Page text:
Guest Blog: An Unseen Danger, Fastener Corrosion in Treated Lumber

Two people in fire-resistant clothing pour melted metal from a red-hot crucible.
Two people in fire-resistant clothing pour melted metal from a red-hot crucible.
Students from the Department of Materials Science and Engineering work in the Michigan Tech foundry.

Senior Design students in the Department of Materials Science and Engineering are drilling into a problem as common as deck screws. In his guest blog, student writer Evan Monko shares the story behind the project.

Picture yourself sitting with friends and family on your deck. The grill is on with burgers and dogs cooking to perfection. Everyone is merry, talking and laughing about the work week. You all sit down at the table to dig into this weekend cookout when suddenly the deck begins to creak. Initially the noise is passed off as boards settling — until one side of the deck collapses. No one is hurt, but you are in shock as a deck built to last decades has fallen to pieces in just a few short years. While this exact scenario is hypothetical, a crumbling deck due to fastener corrosion is all but certain for many deck owners.

In 2003 the process used to treat lumber changed. This little-known change was originally intended to save money and remove arsenic from the wood treatment solution. However, in recent years, companies and homeowners found that the reaction between treated lumber and fasteners causes the metal to corrode at an unprecedented rate in structural connection points of many houses and decks. Companies across the nation have been scrambling to find a solution for this ticking time bomb, as the majority of commercial houses and decks have used these corrosive fasteners over the past 17 years.

Bad Chemistry: Treated Lumber and Fasteners

In the 1940s, to prevent wood rot from insects, mold and wood-boring marine invertebrates, lumber manufacturers started pressure treating lumber. Then in the 1970s, they found out lumber treated with chromated copper arsenate (CCA) had very low galvanic corrosion potential with the fasteners coating system. After 30 years of the arsenic-laden treatment, manufacturers voluntarily withdrew all residential uses of CCA treated lumber in 2003.

CCA has since been replaced with copper azole, an alkaline copper quaternary and micronized copper azole. All of these treatments use copper as the main element to stop degradation. The problem is, copper is highly galvanic: When two or more dissimilar metals are brought into electrical contact with water, they become a weak battery. One of the metals in the couple becomes the anode and corrodes faster than it would all by itself, while the other becomes the cathode and corrodes slower than it would alone. Eventually, the fasteners experiencing accelerated corrosion will fail.

Since 2003, fastener manufacturers have been trying to develop a solution to counteract copper's highly galvanic properties on fasteners. And now Altenloh, Brinck & Co. U.S. Inc. has turned to Michigan Tech student engineers to help find an answer.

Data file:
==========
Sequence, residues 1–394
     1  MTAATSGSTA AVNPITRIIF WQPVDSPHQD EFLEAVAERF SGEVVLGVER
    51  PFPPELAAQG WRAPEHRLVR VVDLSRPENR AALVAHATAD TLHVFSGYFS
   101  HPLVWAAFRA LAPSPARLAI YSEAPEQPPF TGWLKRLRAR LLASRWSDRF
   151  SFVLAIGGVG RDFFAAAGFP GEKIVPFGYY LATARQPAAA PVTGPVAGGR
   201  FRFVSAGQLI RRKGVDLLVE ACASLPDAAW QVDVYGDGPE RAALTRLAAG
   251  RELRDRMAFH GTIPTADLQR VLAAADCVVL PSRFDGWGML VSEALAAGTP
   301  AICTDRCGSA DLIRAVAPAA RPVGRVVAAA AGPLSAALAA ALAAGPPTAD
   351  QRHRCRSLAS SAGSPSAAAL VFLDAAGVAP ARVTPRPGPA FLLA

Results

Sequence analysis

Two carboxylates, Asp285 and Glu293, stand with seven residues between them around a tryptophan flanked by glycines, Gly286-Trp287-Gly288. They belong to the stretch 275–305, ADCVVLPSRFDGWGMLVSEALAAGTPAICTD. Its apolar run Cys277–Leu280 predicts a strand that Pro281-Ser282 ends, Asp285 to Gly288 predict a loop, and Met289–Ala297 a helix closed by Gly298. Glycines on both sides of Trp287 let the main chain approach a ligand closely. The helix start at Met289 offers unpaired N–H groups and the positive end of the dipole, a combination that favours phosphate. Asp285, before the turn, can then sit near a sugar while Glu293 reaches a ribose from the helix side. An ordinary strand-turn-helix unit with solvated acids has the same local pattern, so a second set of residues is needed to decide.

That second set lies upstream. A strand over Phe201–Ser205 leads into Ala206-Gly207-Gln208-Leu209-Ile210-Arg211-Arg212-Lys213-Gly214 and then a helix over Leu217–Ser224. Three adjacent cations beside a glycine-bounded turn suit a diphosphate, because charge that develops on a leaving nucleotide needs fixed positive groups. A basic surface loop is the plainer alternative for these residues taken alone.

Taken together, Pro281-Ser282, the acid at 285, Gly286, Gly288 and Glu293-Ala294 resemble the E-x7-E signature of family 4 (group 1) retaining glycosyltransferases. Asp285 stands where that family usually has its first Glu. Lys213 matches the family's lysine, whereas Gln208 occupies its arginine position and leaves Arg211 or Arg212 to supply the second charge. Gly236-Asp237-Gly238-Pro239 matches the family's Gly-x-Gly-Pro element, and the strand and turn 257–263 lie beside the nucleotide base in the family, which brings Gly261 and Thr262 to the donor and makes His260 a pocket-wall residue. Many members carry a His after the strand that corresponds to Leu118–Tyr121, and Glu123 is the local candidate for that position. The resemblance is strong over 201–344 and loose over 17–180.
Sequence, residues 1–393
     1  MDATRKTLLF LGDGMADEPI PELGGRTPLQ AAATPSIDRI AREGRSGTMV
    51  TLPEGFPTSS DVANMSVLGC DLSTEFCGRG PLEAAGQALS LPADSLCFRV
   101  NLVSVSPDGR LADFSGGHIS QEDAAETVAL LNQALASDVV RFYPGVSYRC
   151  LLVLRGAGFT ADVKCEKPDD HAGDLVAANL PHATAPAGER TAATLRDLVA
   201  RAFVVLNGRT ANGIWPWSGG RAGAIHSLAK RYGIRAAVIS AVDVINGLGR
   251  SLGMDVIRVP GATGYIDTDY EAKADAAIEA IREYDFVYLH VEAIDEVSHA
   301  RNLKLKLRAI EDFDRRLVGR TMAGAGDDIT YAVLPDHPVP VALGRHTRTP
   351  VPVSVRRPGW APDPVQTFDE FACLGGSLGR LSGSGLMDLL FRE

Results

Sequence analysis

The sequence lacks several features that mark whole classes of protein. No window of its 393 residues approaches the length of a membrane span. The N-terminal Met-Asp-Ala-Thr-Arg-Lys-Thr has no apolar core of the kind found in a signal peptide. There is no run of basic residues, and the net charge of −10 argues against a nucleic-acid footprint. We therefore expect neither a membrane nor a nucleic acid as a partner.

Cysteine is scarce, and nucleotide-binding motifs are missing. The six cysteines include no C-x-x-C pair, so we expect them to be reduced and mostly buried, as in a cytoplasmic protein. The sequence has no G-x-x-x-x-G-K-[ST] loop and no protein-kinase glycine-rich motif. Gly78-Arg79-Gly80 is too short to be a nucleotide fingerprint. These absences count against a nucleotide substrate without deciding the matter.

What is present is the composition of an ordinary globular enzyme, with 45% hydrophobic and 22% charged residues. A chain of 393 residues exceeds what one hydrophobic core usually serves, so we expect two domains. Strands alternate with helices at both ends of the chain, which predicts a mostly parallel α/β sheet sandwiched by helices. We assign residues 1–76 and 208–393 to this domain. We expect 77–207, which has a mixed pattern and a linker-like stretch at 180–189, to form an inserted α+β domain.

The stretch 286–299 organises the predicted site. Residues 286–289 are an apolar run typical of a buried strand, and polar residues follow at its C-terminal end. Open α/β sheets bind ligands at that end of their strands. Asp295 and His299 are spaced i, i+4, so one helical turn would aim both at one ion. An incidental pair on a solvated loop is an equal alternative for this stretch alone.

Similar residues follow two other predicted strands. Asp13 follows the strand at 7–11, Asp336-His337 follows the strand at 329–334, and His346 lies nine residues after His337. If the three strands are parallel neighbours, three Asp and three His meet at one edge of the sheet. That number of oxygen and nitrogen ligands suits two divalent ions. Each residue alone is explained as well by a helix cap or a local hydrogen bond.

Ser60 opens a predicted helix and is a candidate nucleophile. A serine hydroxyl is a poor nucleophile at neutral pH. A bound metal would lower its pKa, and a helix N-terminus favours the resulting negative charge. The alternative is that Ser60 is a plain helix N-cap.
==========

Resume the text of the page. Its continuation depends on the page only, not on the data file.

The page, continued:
Fastener Corrosion Senior Design

A team of seniors in the Department of Materials Science Engineering program have begun work on a new coating for structural fasteners set into treated lumber. This project is part of the Senior Design program at Michigan Tech, which allows seniors a chance to get some job experience before leaving school, as many projects are sponsored by companies within the industry. When students of Michigan Tech work closely with other engineers in the field, they are able to develop a better understanding of on-the-job engineering practices.

To meet their sponsor’s requirements, the students’ anti-corrosion coating solution must:

  • Cost less than 50 cents per pound.
  • Have no red rust visible on the fastener head after a 1,000-hour salt fog subjection.
  • Be resistant to corrosion when in contact with galvanized steel fixtures.
  • Be able to be applied to fasteners up to 12 inches long with internal or external driven heads.

The student team includes Anne Hildebrandt, Jason Seeterlin, Nate Carey and Henry Vandermark. The team has worked in the Michigan Tech foundry, in the lab studying corrosion and on the project’s online and report materials.

Michigan Technological University is a public research university founded in 1885 in Houghton, Michigan, and is home to more than 7,000 students from 55 countries around the world. Consistently ranked among the best universities in the country for return on investment, Michigan’s flagship technological university offers more than 120 undergraduate and graduate degree programs in science and technology, engineering, computing, forestry, business and economics, health professions, humanities, mathematics, social sciences, and the arts. The rural campus is situated just miles from Lake Superior in Michigan's Upper Peninsula, offering year-round opportunities for outdoor adventure.